This week the Broad and a Broadfriend went along to the Cornelia Parker exhibition on at the Museum of Contemporary Art in Sydney.
Cornelia Parker, born 1956 in Cheshire, is an acclaimed English artist who works in sculpture, installations, paper and photographs, and has been exhibiting since the 1980s. This exhibition features a curated selection of her artworks spanning her career, and runs until February.
Parker’s work is notable for its ambitious staging, both bold and dramatic, its themes, which are by turns destructive and humorous, and her use of repurposed materials, from the everyday objects, like garden tools and silverware, to the historical in the form of the foundation stones excavated from Italy’s Tower of Pisa. Parker cites the renowned artist Marcel Duchamp, who presented objects themselves as art, as a source of inspiration.
“I like the idea of plucking something out of its downward spiral and arresting its importance and co-opting it into a piece of work.”
Her installations have been described as destructive amalgamations, taking objects and layering, braking and repurposing the material into new structures. One of her best-known works is Cold Dark Matter: An Exploded View (1991), a garden shed frozen at the moment of explosion surrounding a single lightbulb. In an interview with the exhibition’s chief curator, Rachel Kent, Parker explained her approach to the work.
“I called it Cold Dark Matter, a scientific term that describes all the unquantifiable matter in the universe; and then An Exploded View, which is a diagrammatic thing from, say, an instruction manual, where all the bits are labelled and organised. It’s me trying to make sense of things that are unpalatable, like watching explosions daily on the news. It’s just year in, year out: a constant war going on.”
The exhibition includes another notable work, Thirty Pieces of Silver (2011), a large-scale installation of suspended and flattened silver objects, including teapots, candlesticks and dinnerware. The Tate Modern in London has both of these artworks on display, although Thirty Pieces of Silver is on loan to the MCA for this exhibition.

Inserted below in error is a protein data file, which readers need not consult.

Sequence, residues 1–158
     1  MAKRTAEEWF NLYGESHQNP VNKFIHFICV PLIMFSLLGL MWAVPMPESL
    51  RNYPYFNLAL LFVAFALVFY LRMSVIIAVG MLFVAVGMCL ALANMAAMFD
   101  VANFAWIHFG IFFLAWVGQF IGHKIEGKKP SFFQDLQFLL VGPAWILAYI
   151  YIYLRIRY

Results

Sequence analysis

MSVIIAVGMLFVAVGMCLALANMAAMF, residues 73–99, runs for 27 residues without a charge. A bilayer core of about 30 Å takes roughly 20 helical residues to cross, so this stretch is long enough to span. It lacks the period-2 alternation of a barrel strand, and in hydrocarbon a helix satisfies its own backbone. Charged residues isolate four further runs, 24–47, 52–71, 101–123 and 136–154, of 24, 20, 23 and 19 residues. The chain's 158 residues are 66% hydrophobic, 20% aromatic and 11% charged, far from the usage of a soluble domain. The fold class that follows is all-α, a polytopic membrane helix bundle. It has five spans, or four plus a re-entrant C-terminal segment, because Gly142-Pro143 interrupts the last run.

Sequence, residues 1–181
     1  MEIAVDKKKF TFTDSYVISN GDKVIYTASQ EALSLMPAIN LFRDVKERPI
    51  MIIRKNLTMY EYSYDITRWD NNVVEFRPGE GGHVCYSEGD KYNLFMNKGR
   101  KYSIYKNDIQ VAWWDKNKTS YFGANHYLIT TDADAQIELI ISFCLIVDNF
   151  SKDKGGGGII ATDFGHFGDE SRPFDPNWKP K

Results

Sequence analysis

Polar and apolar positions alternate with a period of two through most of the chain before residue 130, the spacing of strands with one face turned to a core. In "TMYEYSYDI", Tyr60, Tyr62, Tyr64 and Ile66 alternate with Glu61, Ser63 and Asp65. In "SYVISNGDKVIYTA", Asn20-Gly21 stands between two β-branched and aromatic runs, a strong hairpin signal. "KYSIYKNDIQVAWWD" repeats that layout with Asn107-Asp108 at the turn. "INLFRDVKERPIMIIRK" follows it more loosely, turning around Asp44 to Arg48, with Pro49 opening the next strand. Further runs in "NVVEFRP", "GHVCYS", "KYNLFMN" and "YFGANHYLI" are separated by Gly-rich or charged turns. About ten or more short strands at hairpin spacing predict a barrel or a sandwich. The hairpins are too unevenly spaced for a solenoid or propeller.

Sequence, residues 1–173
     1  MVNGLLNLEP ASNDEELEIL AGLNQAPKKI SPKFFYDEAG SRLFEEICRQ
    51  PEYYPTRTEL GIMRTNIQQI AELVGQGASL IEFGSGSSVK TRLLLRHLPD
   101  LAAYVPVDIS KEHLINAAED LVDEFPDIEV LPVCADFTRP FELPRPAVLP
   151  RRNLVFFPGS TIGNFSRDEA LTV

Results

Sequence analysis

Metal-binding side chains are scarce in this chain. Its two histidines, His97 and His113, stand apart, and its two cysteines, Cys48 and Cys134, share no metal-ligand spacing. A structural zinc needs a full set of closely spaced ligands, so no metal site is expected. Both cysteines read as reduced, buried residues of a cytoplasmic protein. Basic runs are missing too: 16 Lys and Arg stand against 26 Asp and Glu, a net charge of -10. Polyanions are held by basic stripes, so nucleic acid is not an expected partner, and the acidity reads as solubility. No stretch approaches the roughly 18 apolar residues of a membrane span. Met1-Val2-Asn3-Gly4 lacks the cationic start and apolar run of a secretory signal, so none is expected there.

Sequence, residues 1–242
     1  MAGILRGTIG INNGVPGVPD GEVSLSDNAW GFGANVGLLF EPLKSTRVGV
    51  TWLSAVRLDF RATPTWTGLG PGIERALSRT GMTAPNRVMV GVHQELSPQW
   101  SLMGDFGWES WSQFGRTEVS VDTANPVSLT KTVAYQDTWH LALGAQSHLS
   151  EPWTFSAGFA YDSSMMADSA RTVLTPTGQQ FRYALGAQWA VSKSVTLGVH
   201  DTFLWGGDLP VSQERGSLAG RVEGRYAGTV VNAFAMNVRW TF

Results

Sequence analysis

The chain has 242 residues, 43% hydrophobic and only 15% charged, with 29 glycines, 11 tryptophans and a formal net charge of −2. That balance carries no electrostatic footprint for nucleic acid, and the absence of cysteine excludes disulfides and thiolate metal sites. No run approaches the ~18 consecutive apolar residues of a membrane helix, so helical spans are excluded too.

“I love the idea of the fragment, rather than the complete whole thing. With Thirty Pieces of Silver, the objects were all broken up into bits by a steamroller and I was trying to reconstitute them by making thirty pools of silver. The title was alluding to a different thirty pieces of silver mentioned in the Bible: Judas was paid that amount to betray Christ.”
The War Room (2015) is an entire room covered in the red offcuts from making Remembrance poppies. In all, there are some 30,000 holes, which are the negative holes to the positive of the poppy, described in sober terms by the artist as “fragments, an absence representing one human life”.
“I decided to make War Room like a tent, suspending all the material like fabric. It has two layers to it, which creates a double negative, and a moiré effect. It’s a suspended piece with four naked light bulbs hanging down along its centre.”
“The fact that the poppies are absent is really quite poignant, because obviously a lot of people didn’t come back from the First World War, and other wars since.”
The other striking installation is In Subconscious of a Monument (2001–2005) in which Parker fills a small alcove with fragments from underneath the Leaning Tower of Pisa (that were removed to stabilise the tower. Magna Carta (An Embroidery) (2015) is a 12-metre long embroidery hand-stitched by over 200 individuals that recreates the Magna Carta Wikipedia entry.